I haven’t been to many places yet, well, not like my aunt. But, out of all the places I’ve visited in Southeast Asia so far, Burma is nothing like any of them! I mean, the main similarities are the people walking around everywhere and you can eat really yummy street-food, but a lot of things were very different.
I went to Yangon first, and when I arrived I was thinking to myself, “Ana, you’re up for a whole new adventure because this is just insane.” In Yangon, there are so many Indian-Burmese people and from what I’m told, the streets of Yangon have some similarities to India. The streets were busy, dirty, noisy, interesting, there were so many smells, and the traffic made me feel like we were constantly going to crash! The cars don’t always stop at the red lights; we were weaving through, driving in the middle of the lanes (which we do here in Thailand too actually) but then you add in so many people on the sidewalks, people in the street, people crossing the street.
Yangon is totally different from anywhere else I’ve been.
The very first thing I noticed is that everywhere I turned, someone was spitting out betel nut juice. I learned that betel nuts are highly addictive pieces of a nut/seed wrapped inside a betel leaf, then they add other flavors and people chew them for a long time, and as they chew, they spit out the dark red juice on to the sidewalk. It surprised me that when I walked around the streets, we passed by someone waving hello to us with big smiles and their teeth were stained red and brown. The first time I saw someone with their mouth opened, I asked my aunt “How come his mouth is all bloody?” But it turned out to not be blood, just betel nut. At first it caught me off guard, but after three weeks in Burma, I realized the betel nuts are like cigarettes in the US and a lot of people chew the red stuff all day long.
The noises around us in Yangon were sometimes not so awesome: people hawking up a loogi, cars honking, and, of course, the spitting. And, I saw a lot of people digging for gold. Yep, I said it. I swear, every time I turned my head to the left someone was digging away, and then on the right, there! they’ve already found the gold! It’s strange, because back home it would be so gross and impolite to make body noises but over here in Southeast Asia, it’s not gross or impolite at all, I was actually the only one surprised by it!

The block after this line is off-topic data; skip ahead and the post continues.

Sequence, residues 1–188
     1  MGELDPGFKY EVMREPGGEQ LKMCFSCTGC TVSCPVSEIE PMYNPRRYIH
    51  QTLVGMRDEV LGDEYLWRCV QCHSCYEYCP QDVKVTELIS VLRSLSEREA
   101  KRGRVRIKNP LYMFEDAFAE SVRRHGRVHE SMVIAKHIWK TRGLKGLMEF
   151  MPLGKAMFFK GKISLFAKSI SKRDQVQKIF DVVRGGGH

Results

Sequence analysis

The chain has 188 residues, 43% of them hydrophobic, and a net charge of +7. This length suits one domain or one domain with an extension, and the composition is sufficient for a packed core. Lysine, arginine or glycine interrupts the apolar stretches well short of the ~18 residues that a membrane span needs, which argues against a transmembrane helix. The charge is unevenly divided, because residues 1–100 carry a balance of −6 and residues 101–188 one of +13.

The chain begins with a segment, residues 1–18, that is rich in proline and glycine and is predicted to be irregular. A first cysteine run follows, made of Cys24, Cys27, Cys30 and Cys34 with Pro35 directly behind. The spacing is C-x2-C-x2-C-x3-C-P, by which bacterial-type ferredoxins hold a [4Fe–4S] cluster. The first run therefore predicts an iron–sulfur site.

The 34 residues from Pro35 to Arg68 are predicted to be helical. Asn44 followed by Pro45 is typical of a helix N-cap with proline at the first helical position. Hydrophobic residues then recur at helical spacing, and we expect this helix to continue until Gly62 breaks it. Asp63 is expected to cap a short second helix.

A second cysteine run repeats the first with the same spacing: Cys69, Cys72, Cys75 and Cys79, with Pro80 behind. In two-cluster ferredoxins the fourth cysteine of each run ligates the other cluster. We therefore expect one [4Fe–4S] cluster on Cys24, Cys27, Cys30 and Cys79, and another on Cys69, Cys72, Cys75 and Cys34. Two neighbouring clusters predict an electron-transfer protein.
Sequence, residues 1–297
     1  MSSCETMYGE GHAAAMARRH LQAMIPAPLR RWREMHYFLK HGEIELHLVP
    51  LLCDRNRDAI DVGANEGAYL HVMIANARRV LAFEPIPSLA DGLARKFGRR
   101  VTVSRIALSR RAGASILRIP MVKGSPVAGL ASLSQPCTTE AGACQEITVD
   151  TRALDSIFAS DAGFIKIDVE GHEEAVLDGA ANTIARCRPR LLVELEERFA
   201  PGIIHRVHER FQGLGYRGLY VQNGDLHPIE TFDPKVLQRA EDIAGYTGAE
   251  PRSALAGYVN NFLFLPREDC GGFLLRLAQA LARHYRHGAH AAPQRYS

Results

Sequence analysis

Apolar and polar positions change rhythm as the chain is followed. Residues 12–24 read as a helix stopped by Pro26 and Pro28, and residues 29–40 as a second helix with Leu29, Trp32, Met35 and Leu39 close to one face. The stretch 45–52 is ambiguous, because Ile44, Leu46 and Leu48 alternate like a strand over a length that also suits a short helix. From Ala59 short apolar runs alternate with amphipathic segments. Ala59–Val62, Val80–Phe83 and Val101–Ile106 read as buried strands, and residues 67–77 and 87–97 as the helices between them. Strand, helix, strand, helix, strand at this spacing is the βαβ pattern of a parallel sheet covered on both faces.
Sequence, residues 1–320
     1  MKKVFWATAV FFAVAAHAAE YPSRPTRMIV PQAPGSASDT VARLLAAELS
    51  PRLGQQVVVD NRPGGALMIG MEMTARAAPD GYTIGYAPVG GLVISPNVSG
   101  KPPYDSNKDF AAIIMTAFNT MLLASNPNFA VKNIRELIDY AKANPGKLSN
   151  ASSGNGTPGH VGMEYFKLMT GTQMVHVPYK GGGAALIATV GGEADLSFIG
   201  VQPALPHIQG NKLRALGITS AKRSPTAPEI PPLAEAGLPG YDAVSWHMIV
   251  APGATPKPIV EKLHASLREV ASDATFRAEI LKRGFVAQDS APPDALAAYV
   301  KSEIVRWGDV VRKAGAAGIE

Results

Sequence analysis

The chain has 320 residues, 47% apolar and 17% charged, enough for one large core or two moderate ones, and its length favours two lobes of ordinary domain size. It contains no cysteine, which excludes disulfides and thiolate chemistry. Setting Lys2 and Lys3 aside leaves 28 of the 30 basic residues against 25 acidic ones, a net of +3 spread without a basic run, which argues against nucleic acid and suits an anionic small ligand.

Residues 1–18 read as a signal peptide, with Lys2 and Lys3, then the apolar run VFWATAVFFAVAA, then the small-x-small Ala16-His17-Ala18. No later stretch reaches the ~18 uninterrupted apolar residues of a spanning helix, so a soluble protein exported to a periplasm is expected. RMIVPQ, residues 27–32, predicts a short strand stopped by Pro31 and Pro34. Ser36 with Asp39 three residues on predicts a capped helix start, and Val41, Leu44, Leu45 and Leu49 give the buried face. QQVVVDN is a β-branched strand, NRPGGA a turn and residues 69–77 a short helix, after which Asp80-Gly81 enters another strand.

I noticed that a place and culture can be more different than I once thought it could! Somethings I grew up thinking are really inappropriate, are totally normal, but on the other side, some American things are not okay in Burma, and I had to dress in more covered clothing, and other things like that.
One of the awesome things I liked seeking was the people, mostly women, walking around with really wide, circular trays of food or clothing on their head. It’s intriguing because sometimes the tray looks so heavy and like it should break their necks, but they don’t show it on their faces. The women come weaving through the crowds, dodging people, dogs, sidewalk street stands, sprays of betel nut juice. It’s wacky! No matter what is around them, it just never falls off! I guess the saying “practice makes perfect” really is true.
Although Yangon made me feel claustrophobic, it was okay because the people were always so nice to us. Whenever we walked down the street there were always people just sitting the curb and small staircases, and many greeted us with a loud “mingalaba!” which pretty much means hello, and they would smile too.
Yangon is a place where it’s great to visit, however, I think Chiang Mai is a better place to live because for me, Yangon has a really fast pace of life and Chiang Mai is kind of just in the middle. So, if you’re looking for a place to go to for a few days and want to meet some really fantastically nice people and see a lot of beautiful temples, you should go to Yangon, I really loved how different everything was from what I’ve seen in other places!